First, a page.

Official: Pitino is key figure in bribery probe
Hall of Fame basketball coach Rick Pitino is “Coach 2” described in the FBI’s investigation of bribery in college men’s basketball, according to a law enforcement official familiar with the matter who requested anonymity because the official was not authorized to comment publicly.
The complaint cites Coach 2 as a central figure described in the recruitment sting operation, which has rocked the University of Louisville men’s basketball program and resulted in Pitino’s suspension as head coach.
The revelation is significant because it reinforces the University of Louisville athletics department’s deep ties to Adidas, likely allows the university to fire Pitino without paying out the $46 million remaining on his contract, and exposes him to criminal prosecution.
Pitino’s attorney, Steve Pence, declined to comment when The Courier-Journal asked Thursday if Pitino is Coach 2.
But he reiterated that Pitino did nothing wrong.
“(The criminal complaint is) a document drafted by the U.S. Attorney’s Office,” Pence said. “We anticipate cooperating with them — they can release the identities as they see fit.”
The 28-page Justice Department complaint, unsealed in federal court in New York, describes how defendants claimed to have talked to a person identified only as Coach 2 about funneling $100,000 from an apparel company to secure a top recruit’s commitment.
The complaint says the defendant — Christian Dawkins, who works at a New Jersey-based sports management company — said he talked to Coach 2 and told him, “I need you to call Jim Gatto,” the global marketing manager for Adidas who also has been charged and subsequently suspended by Adidas.
An FBI agent said in a sworn affidavit that a review of phone records shows that on May 27, Gatto had two conversations tied to a phone number used by Coach 2.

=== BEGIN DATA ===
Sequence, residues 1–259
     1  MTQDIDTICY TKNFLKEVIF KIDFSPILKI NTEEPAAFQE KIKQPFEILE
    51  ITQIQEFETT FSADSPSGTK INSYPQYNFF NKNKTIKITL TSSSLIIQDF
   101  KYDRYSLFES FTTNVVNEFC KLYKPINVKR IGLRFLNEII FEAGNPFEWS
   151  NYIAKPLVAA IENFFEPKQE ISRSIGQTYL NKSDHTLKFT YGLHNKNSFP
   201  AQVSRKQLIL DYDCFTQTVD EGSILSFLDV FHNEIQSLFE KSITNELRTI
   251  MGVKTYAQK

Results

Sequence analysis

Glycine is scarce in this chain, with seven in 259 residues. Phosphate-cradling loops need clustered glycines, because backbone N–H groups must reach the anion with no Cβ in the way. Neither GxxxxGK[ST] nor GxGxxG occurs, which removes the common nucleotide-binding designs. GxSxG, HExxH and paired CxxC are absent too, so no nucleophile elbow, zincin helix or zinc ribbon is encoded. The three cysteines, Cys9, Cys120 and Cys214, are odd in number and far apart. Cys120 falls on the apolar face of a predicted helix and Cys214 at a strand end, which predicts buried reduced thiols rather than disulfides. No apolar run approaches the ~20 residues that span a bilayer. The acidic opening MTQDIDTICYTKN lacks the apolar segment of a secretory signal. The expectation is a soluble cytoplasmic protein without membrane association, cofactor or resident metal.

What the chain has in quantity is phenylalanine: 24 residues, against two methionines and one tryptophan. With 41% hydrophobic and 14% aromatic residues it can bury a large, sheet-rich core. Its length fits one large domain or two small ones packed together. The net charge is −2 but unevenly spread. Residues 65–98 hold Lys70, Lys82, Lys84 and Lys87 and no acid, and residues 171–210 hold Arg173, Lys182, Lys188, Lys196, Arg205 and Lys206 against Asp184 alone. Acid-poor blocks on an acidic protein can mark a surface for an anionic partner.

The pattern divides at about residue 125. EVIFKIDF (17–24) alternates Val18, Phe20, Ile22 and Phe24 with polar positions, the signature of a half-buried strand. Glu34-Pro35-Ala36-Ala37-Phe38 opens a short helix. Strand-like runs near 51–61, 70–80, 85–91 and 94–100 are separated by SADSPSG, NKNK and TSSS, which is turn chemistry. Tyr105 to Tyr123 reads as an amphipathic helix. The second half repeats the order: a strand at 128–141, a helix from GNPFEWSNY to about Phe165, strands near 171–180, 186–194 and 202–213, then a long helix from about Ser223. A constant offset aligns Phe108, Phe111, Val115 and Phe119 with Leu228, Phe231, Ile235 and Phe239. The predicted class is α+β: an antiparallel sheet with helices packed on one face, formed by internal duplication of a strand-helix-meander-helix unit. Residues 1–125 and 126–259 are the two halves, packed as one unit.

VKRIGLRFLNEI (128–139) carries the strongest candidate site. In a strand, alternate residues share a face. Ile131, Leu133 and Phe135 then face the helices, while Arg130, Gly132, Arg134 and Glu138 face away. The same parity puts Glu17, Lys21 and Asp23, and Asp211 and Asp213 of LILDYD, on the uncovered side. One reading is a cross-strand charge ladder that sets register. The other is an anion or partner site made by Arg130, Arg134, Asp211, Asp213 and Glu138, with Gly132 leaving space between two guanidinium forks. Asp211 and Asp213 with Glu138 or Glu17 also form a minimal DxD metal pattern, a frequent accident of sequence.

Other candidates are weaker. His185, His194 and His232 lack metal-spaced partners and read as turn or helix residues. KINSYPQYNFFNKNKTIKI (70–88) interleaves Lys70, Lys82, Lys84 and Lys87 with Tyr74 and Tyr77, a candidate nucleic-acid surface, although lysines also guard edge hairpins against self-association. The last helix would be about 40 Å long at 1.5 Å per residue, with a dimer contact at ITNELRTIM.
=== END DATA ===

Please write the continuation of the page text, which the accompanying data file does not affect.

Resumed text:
The complaint says on June 1, Gatto had a third conversation tied to the same number.
Two days later, the player — identified as high school AllAmerican Brian Bowen by The Courier-Journal — unexpectedly committed to the University of Louisville.
Pence said, “If there were calls made, they were innocent calls. Coach Pitino did not make calls confirming any payments to any of his recruits. He’s engaged in no misconduct at all.”
Pence also said, “If Dawkins said he talked to Pitino about giving money to a recruit, he’s lying.”
University of Louisville’s interim President Greg Postel said the school knows the identity of Coach 2 but has not disclosed that person’s identity.
Postel declined to confirm Thursday whether Pitino is Coach 2 when asked by report- ers after a hearing before the state legislature.
When asked why, Postel said, “Just because we don’t feel it’s our place to make those announcements.”
The FBI complaint says that on July 27 a Louisville assistant coach, an undercover agent and defendants Dawkins and Jonathan Brad Augustine met in a Las Vegas hotel room.
As the meeting was being recorded on video, Augustine said he expected Adidas to cover at least a portion of future payments to another Louisville recruit or his family because “no one swings a bigger (expletive) than (Coach 2)” at the company. He added that all Coach 2 has to do is “pick up the phone and call somebody, (and say) these are my guys, they’re taking care of us.”
The FBI’s complaint, in which 10 people have been charged, is based on secret wiretaps, cooperating witnesses and undercover agents.
Pitino’s contract says he can be fired for cause for a number of reasons, including “disparaging media publicity of a material nature that damages the good name and reputation of the university … if such publicity is caused by employee’s willful misconduct that could objectively be anticipated to bring employee into public disrepute or scandal or which tends to greatly offend the public.”